# Convert a FIR to an equivalent IIR

Is there a way to convert a FIR to an IIR filter with the most similar behavior?

• Your phrase "most similar behavior" makes this question difficult to answer. Can you describe what "most similar behavior" means to you? – Richard Lyons Nov 16 '15 at 4:15
• The question should be general. A way that preserve the module of the FIR transform and/or a way to more preserve the phase than the module – Andrea Nov 16 '15 at 10:16

I would say that the answer to your question - if taken literally - is 'no', there is no general way to simply convert an FIR filter to an IIR filter.

I agree with RBJ that one way to approach the problem is to look at the FIR filter's impulse response and use a time domain method (such as Prony's method) to approximate that impulse response by an IIR filter.

If you start from the frequency response then you have lots of methods for designing IIR filters. Even though it was published about 25 years ago, I believe that the method by Chen and Parks is still one of the better ways to approach the design problem. Another very simple method for the frequency domain design of IIR filters is the equation error method, which is described in the book Digital Filter Design by Parks and Burrus. I've explained it in this answer.

If the phase response is of importance to you, then one problem you will be facing when designing IIR filters in the frequency domain is the exact choice of the desired phase response. If the overall shape of the desired phase is given you still have one degree of freedom, which is the delay. E.g., if the desired phase is $\phi_D(\omega)$, and the desired magnitude is $M_D(\omega)$ then your desired frequency response can be chosen as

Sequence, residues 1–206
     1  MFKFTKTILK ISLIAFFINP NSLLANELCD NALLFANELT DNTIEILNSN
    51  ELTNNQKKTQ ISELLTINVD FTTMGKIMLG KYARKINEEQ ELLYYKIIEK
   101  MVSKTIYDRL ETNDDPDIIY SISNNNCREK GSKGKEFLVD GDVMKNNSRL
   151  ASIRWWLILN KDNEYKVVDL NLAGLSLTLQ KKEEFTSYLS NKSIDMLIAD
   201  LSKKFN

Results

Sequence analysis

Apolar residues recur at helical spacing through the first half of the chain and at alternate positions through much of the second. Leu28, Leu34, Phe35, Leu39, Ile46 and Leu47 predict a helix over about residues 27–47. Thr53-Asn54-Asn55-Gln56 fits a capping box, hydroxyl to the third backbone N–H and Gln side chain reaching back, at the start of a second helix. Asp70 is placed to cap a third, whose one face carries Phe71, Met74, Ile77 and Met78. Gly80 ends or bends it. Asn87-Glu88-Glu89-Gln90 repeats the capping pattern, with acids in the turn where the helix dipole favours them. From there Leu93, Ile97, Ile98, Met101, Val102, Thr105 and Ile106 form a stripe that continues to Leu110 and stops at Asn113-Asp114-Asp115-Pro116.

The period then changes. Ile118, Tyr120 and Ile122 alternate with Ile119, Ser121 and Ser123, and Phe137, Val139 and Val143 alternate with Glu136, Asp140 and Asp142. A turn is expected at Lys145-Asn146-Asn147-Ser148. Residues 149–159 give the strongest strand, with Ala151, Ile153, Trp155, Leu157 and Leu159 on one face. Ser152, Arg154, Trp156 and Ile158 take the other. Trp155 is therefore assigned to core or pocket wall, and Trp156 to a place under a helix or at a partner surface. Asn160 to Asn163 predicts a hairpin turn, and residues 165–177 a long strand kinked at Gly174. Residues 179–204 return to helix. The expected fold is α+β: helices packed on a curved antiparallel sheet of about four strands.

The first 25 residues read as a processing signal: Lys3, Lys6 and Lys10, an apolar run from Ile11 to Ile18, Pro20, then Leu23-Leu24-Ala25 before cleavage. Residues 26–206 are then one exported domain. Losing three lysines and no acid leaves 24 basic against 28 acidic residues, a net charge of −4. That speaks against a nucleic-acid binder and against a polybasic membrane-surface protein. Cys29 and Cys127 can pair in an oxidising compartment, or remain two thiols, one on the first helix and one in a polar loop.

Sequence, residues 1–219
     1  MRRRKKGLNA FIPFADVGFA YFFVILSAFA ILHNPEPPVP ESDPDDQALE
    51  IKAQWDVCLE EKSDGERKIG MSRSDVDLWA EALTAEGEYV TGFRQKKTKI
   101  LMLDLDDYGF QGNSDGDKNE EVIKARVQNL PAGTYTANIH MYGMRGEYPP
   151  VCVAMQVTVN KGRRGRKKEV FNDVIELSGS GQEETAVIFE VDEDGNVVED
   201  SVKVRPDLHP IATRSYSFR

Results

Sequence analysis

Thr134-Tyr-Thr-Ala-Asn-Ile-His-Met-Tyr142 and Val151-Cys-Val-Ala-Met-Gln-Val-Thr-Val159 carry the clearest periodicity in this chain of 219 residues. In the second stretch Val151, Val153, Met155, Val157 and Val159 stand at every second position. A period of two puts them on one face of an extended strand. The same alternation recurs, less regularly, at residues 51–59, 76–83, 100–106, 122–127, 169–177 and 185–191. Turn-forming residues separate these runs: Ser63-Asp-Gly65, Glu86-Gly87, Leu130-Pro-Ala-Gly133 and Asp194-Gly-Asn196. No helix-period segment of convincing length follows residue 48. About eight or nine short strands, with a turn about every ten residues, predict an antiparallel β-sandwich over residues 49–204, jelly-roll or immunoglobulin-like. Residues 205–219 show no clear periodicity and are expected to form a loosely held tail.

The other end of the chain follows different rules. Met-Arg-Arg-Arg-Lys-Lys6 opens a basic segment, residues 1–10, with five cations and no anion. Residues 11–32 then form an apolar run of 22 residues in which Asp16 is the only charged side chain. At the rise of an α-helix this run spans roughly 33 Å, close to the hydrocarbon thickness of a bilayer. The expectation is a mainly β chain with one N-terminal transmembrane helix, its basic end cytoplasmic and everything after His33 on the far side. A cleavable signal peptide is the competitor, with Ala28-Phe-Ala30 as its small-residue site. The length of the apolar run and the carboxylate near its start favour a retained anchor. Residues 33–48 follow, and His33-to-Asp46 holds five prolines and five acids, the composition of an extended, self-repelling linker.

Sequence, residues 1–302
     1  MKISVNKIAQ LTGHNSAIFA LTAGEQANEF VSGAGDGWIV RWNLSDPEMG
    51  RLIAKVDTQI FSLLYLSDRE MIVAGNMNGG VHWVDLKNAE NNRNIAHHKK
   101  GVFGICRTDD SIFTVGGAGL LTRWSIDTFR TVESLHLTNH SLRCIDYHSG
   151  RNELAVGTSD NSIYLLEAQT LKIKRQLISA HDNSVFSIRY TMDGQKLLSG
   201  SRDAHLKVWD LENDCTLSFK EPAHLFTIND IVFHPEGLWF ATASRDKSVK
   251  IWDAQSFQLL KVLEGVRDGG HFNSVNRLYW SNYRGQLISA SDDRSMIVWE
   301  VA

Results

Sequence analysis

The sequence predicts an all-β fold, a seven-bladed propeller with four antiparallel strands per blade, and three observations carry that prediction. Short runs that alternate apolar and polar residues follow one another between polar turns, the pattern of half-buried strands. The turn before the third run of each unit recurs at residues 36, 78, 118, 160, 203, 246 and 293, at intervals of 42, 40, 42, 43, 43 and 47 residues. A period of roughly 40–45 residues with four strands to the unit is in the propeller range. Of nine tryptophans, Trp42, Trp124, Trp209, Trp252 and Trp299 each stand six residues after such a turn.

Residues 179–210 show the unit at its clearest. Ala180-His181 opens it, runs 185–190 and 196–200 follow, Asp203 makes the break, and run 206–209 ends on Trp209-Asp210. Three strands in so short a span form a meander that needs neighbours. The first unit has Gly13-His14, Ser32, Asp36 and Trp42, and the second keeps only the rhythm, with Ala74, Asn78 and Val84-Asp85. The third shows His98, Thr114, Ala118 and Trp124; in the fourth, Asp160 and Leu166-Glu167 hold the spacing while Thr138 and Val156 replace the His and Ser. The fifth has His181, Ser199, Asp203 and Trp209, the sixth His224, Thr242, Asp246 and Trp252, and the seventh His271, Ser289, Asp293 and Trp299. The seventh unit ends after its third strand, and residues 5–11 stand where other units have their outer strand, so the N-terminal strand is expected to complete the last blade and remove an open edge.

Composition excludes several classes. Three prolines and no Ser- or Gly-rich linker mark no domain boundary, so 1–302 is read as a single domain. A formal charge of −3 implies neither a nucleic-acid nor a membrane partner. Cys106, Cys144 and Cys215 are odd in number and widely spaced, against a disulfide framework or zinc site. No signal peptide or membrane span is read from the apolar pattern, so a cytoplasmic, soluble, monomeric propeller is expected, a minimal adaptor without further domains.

$$H_D(\omega)=M_D(\omega)e^{j(\phi(\omega)-\omega\tau)}\tag{1}$$

where $\tau$ is an unknown delay parameter. Of course you can say that if $\phi_D(\omega)$ is given then you don't want to modify it with an additional (positive or negative) delay. But it turns out that in practice the average delay is not always important, and - more importantly - for certain values of $\tau$ your approximation will be much better for a given filter order than for others. So the delay $\tau$ can become an additional design parameter and should be chosen optimally or at least reasonably.

I've written a thesis on the design of digital filters with prescribed magnitude and phase responses. One chapter deals with the frequency domain design of IIR filters. That method can be used to design IIR filters with approximately linear phase in the pass-bands, or to approximate any other desired phase (and magnitude) response. The filters are not only guaranteed to be stable, but you can also prescribe a maximum pole radius, i.e., you can define a certain stability margin. You can also find this method in a paper published in the IEEE Transactions on Signal Processing.

Matt L's answer is the best from a DSP perspective.

There exist a whole array of techniques from the control literature that might also do what you're asking. While this is not explicitly turning an FIR filter into an IIR, the techniques will generally find an IIR solution unless some other constraints are applied.

Some of the techniques are: